Finally, the single Judge Bench of Justice Moushumi Bhattacharya of Calcutta High Court then goes on to hold in the concluding para that, “The order dated 8th October, 2020 is, accordingly, recalled. IA No.GA/1/2020 and IA No.GA/2/2020 are released from my list for the reasons stated above. The order dated 15th January, 2021 by which GA 2 of 2020 was reserved for judgment is cancelled for the reasons stated above. The application, IA No.GA/1/2020, is treated as on the day’s list.”
All said and done, it is really a commendable judgment which is worth emulating by all the Judges in similar cases. Judges must be forthright enough to step forward and rule accordingly as we see Justice Moushumi Bhattacharya of Calcutta High Court doing here in this leading case! What is most outstanding is that Justice Moushumi Bhattacharya did this of recalling its own order of an injunction passed in a trademark dispute as the Judge presiding over the case had appeared for one party in respect of the same trademark in the past. This despite the irrefutable fact that the parties had on record stated that they had just no objection to the judgment being delivered by the Court!
But still Justice Moushumi Bhattacharya dig in her heels and for the right reason as already elaborated above in detail! Her exemplary conduct is really worth applauding and worth emulating by all the Judges in their respective public life as this will serve in vindicating the unflinching faith of people in public and further increase their confidence on Judges in the times to come! There can be no denying or disputing it!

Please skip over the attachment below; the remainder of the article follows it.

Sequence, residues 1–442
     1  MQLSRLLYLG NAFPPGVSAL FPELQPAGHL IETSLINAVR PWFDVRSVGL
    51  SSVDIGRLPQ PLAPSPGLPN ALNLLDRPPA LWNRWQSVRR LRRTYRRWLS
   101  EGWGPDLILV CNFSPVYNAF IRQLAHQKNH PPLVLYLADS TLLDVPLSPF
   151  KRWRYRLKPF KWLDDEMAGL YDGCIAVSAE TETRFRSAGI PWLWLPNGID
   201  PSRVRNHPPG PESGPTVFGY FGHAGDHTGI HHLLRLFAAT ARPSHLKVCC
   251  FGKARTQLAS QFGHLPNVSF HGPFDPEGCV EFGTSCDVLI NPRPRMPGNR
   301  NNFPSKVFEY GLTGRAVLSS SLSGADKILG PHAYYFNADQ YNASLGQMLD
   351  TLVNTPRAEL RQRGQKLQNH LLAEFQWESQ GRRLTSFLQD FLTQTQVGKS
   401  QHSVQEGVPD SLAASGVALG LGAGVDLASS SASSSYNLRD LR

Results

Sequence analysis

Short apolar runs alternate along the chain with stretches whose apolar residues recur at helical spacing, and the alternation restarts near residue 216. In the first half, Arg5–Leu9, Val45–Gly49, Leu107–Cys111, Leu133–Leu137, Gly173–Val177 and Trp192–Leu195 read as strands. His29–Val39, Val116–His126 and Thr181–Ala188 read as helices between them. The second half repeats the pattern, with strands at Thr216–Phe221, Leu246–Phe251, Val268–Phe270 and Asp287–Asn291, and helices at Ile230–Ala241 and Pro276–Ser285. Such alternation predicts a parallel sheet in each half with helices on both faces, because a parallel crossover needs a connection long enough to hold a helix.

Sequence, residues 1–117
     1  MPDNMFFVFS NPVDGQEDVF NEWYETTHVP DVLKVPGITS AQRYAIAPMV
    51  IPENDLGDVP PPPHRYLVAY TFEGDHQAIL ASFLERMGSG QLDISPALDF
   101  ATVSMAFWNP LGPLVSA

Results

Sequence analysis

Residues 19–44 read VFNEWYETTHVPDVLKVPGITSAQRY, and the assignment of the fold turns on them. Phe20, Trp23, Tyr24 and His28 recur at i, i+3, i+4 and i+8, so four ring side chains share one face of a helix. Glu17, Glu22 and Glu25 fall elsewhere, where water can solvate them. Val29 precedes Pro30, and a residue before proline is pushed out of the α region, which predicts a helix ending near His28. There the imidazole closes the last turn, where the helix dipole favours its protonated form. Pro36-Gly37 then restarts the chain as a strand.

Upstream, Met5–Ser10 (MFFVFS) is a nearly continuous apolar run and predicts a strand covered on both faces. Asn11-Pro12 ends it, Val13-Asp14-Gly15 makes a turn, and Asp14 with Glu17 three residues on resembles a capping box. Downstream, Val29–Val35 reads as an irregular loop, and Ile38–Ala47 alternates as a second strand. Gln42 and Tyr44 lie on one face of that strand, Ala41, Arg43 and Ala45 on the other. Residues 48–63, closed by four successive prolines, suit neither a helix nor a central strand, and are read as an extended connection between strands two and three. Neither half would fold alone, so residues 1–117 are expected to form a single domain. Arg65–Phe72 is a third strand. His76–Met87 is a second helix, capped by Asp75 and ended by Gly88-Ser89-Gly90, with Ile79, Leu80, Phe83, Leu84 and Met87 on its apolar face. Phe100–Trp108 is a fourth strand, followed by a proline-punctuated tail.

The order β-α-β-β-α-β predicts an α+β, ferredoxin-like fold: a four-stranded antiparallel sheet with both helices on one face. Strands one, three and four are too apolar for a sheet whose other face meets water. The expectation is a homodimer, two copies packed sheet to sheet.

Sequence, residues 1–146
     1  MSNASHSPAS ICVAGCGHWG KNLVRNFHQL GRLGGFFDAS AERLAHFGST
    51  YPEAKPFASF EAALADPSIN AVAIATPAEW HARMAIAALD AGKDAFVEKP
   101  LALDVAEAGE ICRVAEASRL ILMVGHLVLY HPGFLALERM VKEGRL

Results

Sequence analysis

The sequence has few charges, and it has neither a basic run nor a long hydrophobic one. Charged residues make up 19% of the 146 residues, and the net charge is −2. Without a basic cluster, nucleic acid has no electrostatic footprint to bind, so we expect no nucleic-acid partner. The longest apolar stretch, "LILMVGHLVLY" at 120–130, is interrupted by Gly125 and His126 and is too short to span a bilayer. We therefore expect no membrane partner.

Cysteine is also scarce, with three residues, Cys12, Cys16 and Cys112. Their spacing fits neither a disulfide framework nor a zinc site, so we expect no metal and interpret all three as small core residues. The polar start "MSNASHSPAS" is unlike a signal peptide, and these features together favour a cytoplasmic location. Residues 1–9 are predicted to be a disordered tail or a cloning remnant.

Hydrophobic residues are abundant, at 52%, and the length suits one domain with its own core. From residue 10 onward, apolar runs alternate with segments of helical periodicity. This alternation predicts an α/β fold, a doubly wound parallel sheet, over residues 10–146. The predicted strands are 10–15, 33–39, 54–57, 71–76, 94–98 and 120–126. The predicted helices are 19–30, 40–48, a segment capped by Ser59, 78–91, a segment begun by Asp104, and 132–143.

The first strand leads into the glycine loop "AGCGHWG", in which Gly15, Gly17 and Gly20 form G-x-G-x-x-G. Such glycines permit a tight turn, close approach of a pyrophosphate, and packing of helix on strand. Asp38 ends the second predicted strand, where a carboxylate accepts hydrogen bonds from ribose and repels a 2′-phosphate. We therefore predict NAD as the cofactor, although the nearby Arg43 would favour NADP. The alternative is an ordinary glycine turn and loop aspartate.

To conclude, at the risk of repetition, it must be said again that Justice Moushumi Bhattacharya of Calcutta High Court was quite forthright in stating that, “A litigant receiving a judgment must be convinced, for all times to come, that the judgment was delivered solely on the applicable law and facts relevant to the matter and not on any other considerations. A litigant can never be under the impression that it can control or influence the outcome of an adjudication by factors unconnected to the litigation and least of all by a professional connection which a Court may have to the matter. Although it is shocking that none of the two orders were pointed out to this Court by counsel despite the matter being heard on several occasions, finding the two orders before delivering the judgment was indeed fortunate.” All the lawyers, Judges, litigants and others must always bear this in mind and act accordingly! Only then will the justice serve its true purpose for which it is meant. We also cannot be oblivious of the time tested dictum that, “Justice must not only be done but also seen to be done” which can be possible only if all Judges act like Justice Moushumi Bahttacharya has done so commendably in this present case! Rightly so!